Almost all people who attempt to cross the Mediterranean Sea pass through Libya. Between January and mid-August 2021, the EU-funded Libyan Coastguard intercepted over 22,000 people at sea and returned them to Libya. This has resulted in an increase in the number of people arbitrarily detained in detention centres, often in violent, inhumane conditions.
MSF provides medical care and food and hygiene kits to people held in detention centres in the country’s northwest.
Migrants and refugees living outside detention centres are exposed to life-threatening risks, such as being held captive by trafficking networks in clandestine jails. Our teams provide healthcare to migrant communities outside of detention – including those who have escaped – in Tripoli and Bani Walid.
MSF also supports the Ministry of Health in its tuberculosis response; we provide technical support in Misrata and Tripoli, and provide diagnosis and treatment to patients in two facilities. We provide ante- and postnatal care to mostly Libyan women in Bani Walid.
Dire conditions for migrants and refugees in detention centres in Libya
Our returned Head of Mission Beatrice Lau describes the conditions for migrants and refugees in detention centers in Libya. MSF suspended activities in the detention centres in Tripoli in late June 2021, as a response to the level and rate of violence observed towards migrants and refugees held indefinitely in Libya’s detention centres. Despite this latest decision, efforts to intercept, forcibly return and arbitrarily detain men, women and children in detention centres in Libya are ongoing.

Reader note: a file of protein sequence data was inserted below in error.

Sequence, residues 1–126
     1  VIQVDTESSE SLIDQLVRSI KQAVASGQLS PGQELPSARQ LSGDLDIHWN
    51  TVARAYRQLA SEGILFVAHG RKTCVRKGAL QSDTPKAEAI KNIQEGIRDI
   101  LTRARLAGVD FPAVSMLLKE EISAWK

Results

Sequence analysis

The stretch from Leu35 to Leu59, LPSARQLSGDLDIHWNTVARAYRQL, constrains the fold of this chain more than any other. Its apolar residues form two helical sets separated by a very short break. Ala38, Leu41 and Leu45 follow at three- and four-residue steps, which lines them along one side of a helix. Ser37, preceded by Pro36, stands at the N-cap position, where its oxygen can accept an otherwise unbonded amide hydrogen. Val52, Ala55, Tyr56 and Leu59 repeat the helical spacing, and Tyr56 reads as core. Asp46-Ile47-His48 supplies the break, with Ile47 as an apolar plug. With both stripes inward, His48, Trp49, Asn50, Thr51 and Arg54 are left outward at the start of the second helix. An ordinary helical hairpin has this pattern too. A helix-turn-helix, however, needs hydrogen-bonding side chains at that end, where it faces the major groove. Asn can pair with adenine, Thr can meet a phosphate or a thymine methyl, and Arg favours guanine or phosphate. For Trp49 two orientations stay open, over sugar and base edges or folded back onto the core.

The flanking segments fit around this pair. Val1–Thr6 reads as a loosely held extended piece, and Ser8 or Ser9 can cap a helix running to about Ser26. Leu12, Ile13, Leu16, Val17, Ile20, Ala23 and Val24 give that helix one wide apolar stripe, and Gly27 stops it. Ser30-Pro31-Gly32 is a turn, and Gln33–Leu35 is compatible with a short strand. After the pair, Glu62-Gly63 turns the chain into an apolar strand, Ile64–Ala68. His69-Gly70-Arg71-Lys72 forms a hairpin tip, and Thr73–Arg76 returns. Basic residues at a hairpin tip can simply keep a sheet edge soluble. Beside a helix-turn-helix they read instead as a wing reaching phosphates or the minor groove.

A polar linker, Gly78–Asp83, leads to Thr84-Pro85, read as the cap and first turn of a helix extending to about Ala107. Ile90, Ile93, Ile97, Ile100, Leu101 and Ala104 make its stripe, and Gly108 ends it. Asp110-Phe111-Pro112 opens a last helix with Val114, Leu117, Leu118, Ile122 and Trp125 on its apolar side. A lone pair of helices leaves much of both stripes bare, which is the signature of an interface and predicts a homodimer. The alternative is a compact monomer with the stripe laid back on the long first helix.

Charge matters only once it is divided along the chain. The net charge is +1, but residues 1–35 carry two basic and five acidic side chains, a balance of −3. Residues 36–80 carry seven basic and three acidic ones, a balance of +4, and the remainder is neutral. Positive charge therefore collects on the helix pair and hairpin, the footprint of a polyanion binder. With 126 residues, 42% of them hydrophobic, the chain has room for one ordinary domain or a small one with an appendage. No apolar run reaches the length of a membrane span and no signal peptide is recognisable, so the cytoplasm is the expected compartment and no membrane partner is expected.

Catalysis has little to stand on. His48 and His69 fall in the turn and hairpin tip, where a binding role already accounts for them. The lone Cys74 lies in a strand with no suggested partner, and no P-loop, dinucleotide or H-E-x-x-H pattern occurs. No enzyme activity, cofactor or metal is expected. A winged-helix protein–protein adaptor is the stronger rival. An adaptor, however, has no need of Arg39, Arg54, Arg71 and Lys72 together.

Our activities in 2020 in Libya
Data and information from the International Activity Report 2020.
Although some detention centres closed in 2020, thousands of men, women and children remained held in overcrowded, unsanitary conditions with little access to healthcare, insufficient food and drinking water, and no possibility of physical distancing. Médecins Sans Frontières (MSF) continued to provide medical and mental healthcare in detention centres in Tripoli, Khoms, Zliten, Zuwara and Zintan. Our teams also worked to improve access to water and other basic services, reinforce COVID-19 infection prevention and control measures and refer the most vulnerable cases to protection agencies.
In February, a 26-year-old Eritrean man lost his life when a fire broke out in the overcrowded Dhar El-Jebel detention centre in Zintan. We offered psychological support to survivors of the fire and distributed basic necessities to replace items they had lost, while reiterating our call for the end of arbitrary detention of migrants and refugees in Libya.
The vast majority of the estimated 650,000 migrants currently in Libya live on the streets, exposed to arbitrary arrest and detention, human trafficking, exploitation and severe violence. Most of those detained are in clandestine prisons and warehouses run by people smugglers rather than official centres. In Bani Walid, our teams offered general healthcare and medical referrals to refugees and migrants who had escaped from captivity, and to victims of torture and trafficking.
Throughout 2020, refugees and migrants were subjected to numerous violent attacks; for example, at disembarkation points where the Libyan coastguard forcibly returns those who try to flee. On 28 July, our teams responded with medical and psychological care after a shooting at a disembarkation site in Khoms that left three teenagers dead.
Tuberculosis (TB) care is another focus of our activities in Libya. Our teams work in three TB facilities: two in Tripoli and one in Misrata, a 17-bed clinic that we opened in March.